2- Overload:

Too rapid transfusion of blood products in patients with heart failure may be the cause of an acute pulmonary edema, which should be prevented by a suitable infusion rate and when indicated by the administration of diuretics. In the particular case of sickle cell anemia, transfusion sometimes requires the pathological blood subtraction to allow transfusion. exsanguino- transfusion of partial programs can reduce the risk of stroke in sickle cell disease.

3- Thromboembolism:

Such accidents should not be, because every transfusion tubing is fitted with a filter that stops the micro-emboli that may have formed in the blood bag. In addition, the systematic removal of leukocytes should eliminate the risk of infusing originally microcaillots thrombophlebitis, pulmonary embolism or even eliminating transfusion before leukocyte and platelet aggregates.

4- cardiocirculatory disorders:

Abnormal heart rhythm induced by the rapid infusion of citrate are known for a long time without one yet knows with certainty today whether the effect is due to a chelating effect of citrate, a direct toxicity. They usually corrected by reducing the flow and (or) calcium gluconate administration.

Immunological risk:

The immunological risk is between 1/6 and 1/12 000 000 transfusions.

1- ABO incompatibility:

The risk of ABO incompatibility are known since the beginning of the century, the way to avoid them is also well known, but accidents persist and can cause death of patients. They are always the result of successive failures, each step in the chain have not been respected. The final check at the time of transfusion have been failing in over half the cases, prescription errors and destination are the two most common causes. The establishment of reliable tests at the ultimate control should at least partly compensate for the lack of compliance with procedures. Transfusion ABO incompatibility situation can be asymptomatic clinically and not be detected by the absence of increases in hemoglobin in the recipient following transfusion. In over 25% of cases, the patient shivering and fever. ABO incompatibility can be very serious and cause a collapse, intravascular coagulation, anuria, death.

2- Accident due to alloantibodies:

Unlike the ABO accident that can occur in a blank about transfusion history or pregnancy, accidents due to the presence of alloantibodies occur most frequently in patients who had opportunities to become immunized, especially if their erythrocyte phenotype predisposes them to meet an immunogenic antigen of high frequency (Rh, K …). As in the case of the OBA, about 10% of incompatibilities have no clinical translations, but only organic. The chills-hyperthermia association is common, but serious clinical picture combining collapse, anuria and death, unfortunately, is not unique.In the vast majority of cases, the incompatibility accidents should not occur if the procedures were properly followed.The prescription must be adjusted taking into account the history of the subject; checking his blood and the search for irregular antibodies are systematic. The distribution must be customized, systematic ultimate control and well done, careful monitoring and extended transfusion enough for this type of accident disappears risk for transfusion.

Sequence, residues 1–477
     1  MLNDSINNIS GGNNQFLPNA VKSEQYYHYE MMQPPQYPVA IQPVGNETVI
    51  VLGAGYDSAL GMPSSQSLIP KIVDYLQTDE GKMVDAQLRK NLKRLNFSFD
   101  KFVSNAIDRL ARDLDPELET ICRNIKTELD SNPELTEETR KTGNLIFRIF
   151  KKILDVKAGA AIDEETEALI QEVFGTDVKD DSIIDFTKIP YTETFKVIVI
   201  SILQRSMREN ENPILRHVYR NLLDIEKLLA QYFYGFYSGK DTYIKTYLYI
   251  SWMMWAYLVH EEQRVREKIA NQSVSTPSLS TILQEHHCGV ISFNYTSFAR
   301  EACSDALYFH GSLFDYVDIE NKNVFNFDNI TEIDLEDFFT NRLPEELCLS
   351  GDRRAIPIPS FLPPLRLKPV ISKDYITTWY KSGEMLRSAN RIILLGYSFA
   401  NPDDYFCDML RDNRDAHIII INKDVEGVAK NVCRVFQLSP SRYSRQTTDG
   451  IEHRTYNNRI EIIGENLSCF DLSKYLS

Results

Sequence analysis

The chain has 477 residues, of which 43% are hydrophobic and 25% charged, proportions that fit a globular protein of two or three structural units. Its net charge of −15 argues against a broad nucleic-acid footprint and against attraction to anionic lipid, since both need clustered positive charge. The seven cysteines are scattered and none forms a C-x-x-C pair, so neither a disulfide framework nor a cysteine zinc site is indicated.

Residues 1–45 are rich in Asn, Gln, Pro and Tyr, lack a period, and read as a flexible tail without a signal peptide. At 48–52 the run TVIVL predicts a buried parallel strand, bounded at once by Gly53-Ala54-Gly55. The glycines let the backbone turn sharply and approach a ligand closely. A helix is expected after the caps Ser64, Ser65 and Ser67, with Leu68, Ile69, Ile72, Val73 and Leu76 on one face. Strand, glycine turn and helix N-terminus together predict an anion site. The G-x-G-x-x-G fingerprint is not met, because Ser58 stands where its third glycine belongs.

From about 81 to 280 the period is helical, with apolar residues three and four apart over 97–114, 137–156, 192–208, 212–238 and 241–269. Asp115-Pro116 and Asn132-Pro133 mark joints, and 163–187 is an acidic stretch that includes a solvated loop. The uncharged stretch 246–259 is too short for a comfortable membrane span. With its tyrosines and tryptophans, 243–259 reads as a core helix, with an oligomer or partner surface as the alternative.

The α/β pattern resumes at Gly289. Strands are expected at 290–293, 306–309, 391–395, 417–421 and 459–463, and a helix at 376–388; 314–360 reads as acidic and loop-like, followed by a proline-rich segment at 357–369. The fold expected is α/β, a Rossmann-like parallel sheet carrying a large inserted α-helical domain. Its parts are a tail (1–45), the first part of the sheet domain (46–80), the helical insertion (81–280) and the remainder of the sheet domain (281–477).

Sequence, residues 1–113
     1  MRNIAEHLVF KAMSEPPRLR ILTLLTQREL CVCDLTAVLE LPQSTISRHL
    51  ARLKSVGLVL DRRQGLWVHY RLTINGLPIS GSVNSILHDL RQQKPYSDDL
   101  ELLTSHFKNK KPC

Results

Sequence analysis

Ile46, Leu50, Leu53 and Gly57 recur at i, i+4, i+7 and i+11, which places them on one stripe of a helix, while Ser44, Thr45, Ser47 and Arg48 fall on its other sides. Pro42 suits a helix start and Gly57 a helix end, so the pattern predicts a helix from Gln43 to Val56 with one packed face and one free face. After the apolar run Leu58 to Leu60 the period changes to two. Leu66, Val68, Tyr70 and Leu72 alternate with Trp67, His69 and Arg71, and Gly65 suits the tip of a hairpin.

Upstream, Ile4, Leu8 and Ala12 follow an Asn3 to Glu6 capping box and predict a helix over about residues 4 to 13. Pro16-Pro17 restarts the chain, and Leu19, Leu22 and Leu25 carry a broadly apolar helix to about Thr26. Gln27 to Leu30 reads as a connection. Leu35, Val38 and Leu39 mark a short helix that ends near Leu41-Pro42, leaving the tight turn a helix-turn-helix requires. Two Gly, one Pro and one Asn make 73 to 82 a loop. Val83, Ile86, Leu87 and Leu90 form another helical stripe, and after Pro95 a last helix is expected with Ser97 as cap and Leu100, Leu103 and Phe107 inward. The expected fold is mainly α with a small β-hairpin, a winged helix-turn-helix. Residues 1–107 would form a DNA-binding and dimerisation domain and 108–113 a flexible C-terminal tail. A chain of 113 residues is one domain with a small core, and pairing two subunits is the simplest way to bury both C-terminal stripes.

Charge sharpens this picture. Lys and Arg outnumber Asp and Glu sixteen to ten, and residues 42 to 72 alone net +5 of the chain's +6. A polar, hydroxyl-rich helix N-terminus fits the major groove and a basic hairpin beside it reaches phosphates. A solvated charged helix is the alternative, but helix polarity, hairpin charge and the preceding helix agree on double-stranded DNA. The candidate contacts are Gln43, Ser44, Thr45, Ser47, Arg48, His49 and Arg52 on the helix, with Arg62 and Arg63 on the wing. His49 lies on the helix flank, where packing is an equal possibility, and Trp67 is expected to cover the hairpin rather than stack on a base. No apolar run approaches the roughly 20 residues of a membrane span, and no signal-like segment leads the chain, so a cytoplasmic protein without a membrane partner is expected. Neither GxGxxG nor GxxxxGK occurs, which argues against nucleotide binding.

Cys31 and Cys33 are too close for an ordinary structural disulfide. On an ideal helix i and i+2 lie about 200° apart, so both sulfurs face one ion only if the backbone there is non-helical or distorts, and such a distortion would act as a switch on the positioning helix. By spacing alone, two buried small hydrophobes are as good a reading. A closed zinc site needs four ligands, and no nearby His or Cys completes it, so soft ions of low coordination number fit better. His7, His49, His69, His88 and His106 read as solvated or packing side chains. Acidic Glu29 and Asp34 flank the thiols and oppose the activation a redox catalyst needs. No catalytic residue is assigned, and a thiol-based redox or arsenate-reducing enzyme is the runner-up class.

Infectious accidents:

1- viral hazards:

If the case of blood contaminated with HIV (HIV) is still subject to legal proceedings, the transmission of other viruses, particularly the hepatitis C virus (HCV) is still a major concern. Statistics show that the risk of transmission of known viruses is steadily decreasing, but the fear persists in the assumption of the transmission of a previously unknown pathogen. HTLV-I and II (human T leukemia virus) are the most common viruses in the Caribbean area and Japan than in our regions: the risk of transmission is low (1 to 8 million). The theoretical and identified risk of HIV through transfusion is now low, on the order of 1 to 1.2 million. The risk of transmission of hepatitis B or C is 4 times higher (1 280 000, 1 200 000) and is perceived to interest hepatitis B vaccination. CMV is very common in the French population (60%), but results in a benign except in immunocompromised. Leucodepletion significantly reduces the risk of cytomegalovirus transmission because it is essentially intraleucocytaire. Parvovirus B19 causes a mild illness (mononucleosis) in the majority of cases, it can induce more severe diseases in pregnant women and especially in immunocompromised (PRCA). The virus called hepatitis G does not appear linked to a well-identified liver disease, but could be a co-infection of virus. The herpes virus-type (HHV6, HHV7, HHV-8) are transmissible by transfusion and may be responsible for different diseases, but today it is not possible to establish a clear link between a transmission by transfusion and disease secondary to transfusion. TTV or transfusion Transmitted virus is one of the last candidates, but the exact risk of this virus and its transmission still needs to be evaluated.

2- unconventional transmissible agents:

Creutzfeldt-Jakob disease is a rare disease and its transmission by transfusion is hypothetical. The variant which have been observed several cases in England and which is related to the presence of prions may pose a risk of transmission to the extent that prions may be present in lymphocytes.

3- Malaria:

Malaria is a very prevalent disease in the world. Its incidence is between 300 and 500 million hits a year. Imported malaria has more than doubled in the last 12 years to more than 5000 cases. Indigenous malaria cases account for less than 7 cases per year. The measure for the temporary exclusion of subjects who stayed in endemic areas is surely an effective measure when combined with a systematic search of parasites in donors have been at risk. The surveillance network did not report transmission by transfusion, which does not completely rule out the risk, but suggests that, if it exists, it should be low.

4- Bacteria: